4. Connection to nature: Nature heals. We are from and of nature. To remind yourself of this connection is grounding. There is much research suggesting that green spaces are healing to people and decrease anxiety and depression. This is one reason people are encouraged to walk outside in their neighborhoods while maintaining social distance. Not all people have the capacity to go outdoors during this time, but there are many ways to connect to nature. Remind yourself daily of the gift of life.
Use your many senses to take in the beauty of the earth that surrounds and cares for us. How does the earth sound in this moment? For example, you can wake up early and listen to the birds or step outside as dusk nears and you will hear them again. If you cannot go outside, listen to a recording of birds or the ocean waves, or as one astronaut who spent considerable time in space shared, the “buzzing of the mosquitoes.” Find a sound of nature that resonates with you. Notice what you hear. How does the earth feel in this moment? When you wash your hands, notice the temperature of the water you dip your fingers into, the smoothness of the soap and the softness of the towel. If you are outside, guess at the temperature of the day as you appreciate the sun warming our earth or gray clouds readying for rain. Touch a tree or a rock and ask yourself what texture and shape you experience. Notice what you feel.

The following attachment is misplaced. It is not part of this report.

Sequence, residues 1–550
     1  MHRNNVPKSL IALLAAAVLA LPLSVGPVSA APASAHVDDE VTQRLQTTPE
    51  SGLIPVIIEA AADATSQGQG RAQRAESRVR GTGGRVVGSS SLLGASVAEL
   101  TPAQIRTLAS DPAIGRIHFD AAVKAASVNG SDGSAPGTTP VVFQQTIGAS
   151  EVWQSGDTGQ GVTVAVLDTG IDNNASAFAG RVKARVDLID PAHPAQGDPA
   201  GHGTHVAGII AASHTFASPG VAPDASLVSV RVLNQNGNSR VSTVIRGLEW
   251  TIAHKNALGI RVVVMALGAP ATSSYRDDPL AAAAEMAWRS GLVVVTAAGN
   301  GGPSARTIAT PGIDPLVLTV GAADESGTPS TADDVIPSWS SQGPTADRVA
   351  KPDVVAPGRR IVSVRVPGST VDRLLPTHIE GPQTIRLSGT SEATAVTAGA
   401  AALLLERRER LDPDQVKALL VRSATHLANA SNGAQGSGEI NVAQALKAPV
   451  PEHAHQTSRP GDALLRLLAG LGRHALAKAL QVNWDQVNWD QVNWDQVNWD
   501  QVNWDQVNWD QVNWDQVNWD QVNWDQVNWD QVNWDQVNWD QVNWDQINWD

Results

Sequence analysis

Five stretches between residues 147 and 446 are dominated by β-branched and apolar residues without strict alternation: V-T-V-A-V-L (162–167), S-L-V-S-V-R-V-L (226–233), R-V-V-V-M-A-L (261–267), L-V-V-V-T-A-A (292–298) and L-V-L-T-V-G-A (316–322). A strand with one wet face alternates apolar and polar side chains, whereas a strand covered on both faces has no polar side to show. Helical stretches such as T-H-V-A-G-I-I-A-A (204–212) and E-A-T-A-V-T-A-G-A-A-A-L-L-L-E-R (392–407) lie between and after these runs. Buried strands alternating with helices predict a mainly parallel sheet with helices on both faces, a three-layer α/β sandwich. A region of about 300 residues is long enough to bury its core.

How does the earth smell in this moment? Perhaps you smell her in the beverage you are drinking or the fruit you are eating. If you go outside, do you smell the blossoms perfuming the air? Or how the air smells different after a lightning storm, a new rain, in winter or on a hot summer evening. Notice what you smell.
How does the earth look in this moment? Perhaps you notice the light shaft filtering through your window and reflecting off the dust in your home. Maybe you see the many hues of green in the leaves and grasses outside your home. Look up and wonder at how blue the sky seems or how much brighter the stars appear with fewer cars and factories turned on. Notice what you see.
How does the earth taste in this moment? Some cultures do not talk during meals in order to fully focus on the experience. There is a meditation exercise in which you take one raisin and spend time looking at it, the color and the shape; then smelling it; rolling it in your fingers and then in your mouth to discern the texture and how it changes. Only after looking, smelling and feeling do you start to chew, listening to the sounds as you chew, tasting the flavors that evolve across your tongue. Notice what you taste.
If you are feeling depleted, bring nature into your space, a leaf or rock can do. If you are more confined, look out a window at the sky or search through a magazine or online to find a picture of nature that brings you joy. The national parks offered a beautiful series of photos on their website. This week celebrates Earth Day’s 50th anniversary.
What a gift to be reminded of our connection to the earth.